Presenters at the recent American College of Sports Medicine annual meeting and 2nd World Congress on Exercise is Medicine shared research results that indicated drinking chocolate milk after a workout can boost improvements in aerobic fitness and body composition.
“These studies further validate milk as nature’s sports drink,” said Paul Rovey, Arizona dairy producer and chair of Dairy Management Inc., which manages the national dairy checkoff. “Milk helps your body refuel, rehydrate and recover after a workout, benefitting active people of all ages.”

USDEC shows benefits of dairy ingredients
The U.S. Dairy Export Council shared domestic dairy-ingredient options for food and beverage manufacturers at last month's Institute of Food Technologists Annual Meeting and Food Expo to help increase U.S. dairy ingredient use in new food and beverage product development.
USDEC shared how U.S. dairy ingredients can contribute to improved taste, functionality and nutrition for a variety of products targeting different consumers. Product and nutrition scientists, along with representatives from partner research centers, joined USDEC in sharing the latest news on how dairy ingredients help solve today’s product development challenges.
Researchers and developers shared food prototypes that meet the needs of today’s consumers – from products with increased protein to reduced-sodium foods that did not sacrifice taste. The prototypes showcased trends related to healthy aging, simple labeling, the versatility and functionality of cheese, and an impressive variety of applications using dairy proteins to drive the next generation of nutritious foods and beverages.
Among the prototypes shared were:
Strawberry Sunrise Waffle– a calcium-packed, yogurt-infused waffle that also is a great source of protein.
Sweet and Savory Butternut Squash Soup – a soup made with dairy solids (permeate) that features 32 percent less sodium than a similar soup made with salt.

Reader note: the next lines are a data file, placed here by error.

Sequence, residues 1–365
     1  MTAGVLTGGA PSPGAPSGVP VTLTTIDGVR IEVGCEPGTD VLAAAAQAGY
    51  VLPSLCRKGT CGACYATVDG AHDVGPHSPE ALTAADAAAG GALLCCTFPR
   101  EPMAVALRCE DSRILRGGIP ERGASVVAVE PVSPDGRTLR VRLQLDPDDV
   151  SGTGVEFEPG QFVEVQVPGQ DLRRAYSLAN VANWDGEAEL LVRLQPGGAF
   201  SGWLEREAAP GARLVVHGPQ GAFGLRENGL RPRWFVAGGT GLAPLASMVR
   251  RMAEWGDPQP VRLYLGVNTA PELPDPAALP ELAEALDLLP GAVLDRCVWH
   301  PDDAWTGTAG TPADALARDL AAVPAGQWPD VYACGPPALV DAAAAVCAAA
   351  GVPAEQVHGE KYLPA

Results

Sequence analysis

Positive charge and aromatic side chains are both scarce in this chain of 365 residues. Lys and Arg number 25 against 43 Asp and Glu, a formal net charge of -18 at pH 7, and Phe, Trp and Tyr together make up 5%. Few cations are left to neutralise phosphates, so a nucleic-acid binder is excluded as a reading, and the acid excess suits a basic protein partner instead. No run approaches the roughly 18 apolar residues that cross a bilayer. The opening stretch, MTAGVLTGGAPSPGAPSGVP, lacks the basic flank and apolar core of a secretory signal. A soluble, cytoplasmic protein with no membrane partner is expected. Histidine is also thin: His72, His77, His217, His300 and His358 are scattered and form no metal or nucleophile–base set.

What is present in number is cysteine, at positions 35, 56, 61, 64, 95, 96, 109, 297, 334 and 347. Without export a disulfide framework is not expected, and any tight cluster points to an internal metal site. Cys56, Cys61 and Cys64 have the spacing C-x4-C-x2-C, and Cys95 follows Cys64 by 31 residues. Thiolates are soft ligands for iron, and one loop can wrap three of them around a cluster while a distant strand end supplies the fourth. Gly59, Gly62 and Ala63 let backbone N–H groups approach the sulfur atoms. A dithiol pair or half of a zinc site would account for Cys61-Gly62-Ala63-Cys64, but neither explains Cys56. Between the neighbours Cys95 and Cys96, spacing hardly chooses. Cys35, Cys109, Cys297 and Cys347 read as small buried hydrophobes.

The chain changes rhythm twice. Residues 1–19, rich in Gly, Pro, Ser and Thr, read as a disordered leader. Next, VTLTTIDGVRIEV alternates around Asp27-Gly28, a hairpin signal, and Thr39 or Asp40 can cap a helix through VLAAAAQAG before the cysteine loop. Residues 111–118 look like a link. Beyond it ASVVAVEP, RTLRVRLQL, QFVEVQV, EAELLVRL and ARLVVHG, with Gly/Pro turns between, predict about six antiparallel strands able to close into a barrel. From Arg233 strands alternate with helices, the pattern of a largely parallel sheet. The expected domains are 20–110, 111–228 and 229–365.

Cheesy Crunchers – a prototype that can serve as a snack or topping that features reduced-sodium Cheddar cheese mixed with dairy protein.
Cucumber Lemon Yogurt Drink– a yogurt-based beverage that contains probiotics and dairy proteins.
Satisfying Pasta Salad– pasta fortified with whey protein, featuring low-fat cottage cheese sauce instead of oil or dressing.
For more information about U.S. domestic dairy ingredient resources, visitInnovateWithDairy.com. For more information about the checkoff, visitdairycheckoff.com

Alpina Foods turns to Facebook to promote new yogurt
Last month, Alpina Foods launched the “Make a Wish for Women” program to debut its Restart yogurt. The company invites women to support each other by posting their “Wishes for Women” online. Alpina Foods matches every wish with a charitable donation to Women In Need, a charity dedicated to helping women overcome challenges and become their ideal selves. Online, “Make a Wish for Women,” asks customers, friends and fans to post their own personal wishes for women onthe Alpina Foods Facebook page, or Tweet with the hashtag #wishforwomen. For every wish, Alpina will make a donation and release a live butterfly into its wish space at Park Avenue South & 28th St in New York City.

See how dairy rates in new government guidelines
USDA “tip sheet” on dairy, which can be found atmyplate.gov

Enjoy the Fourth of July holiday.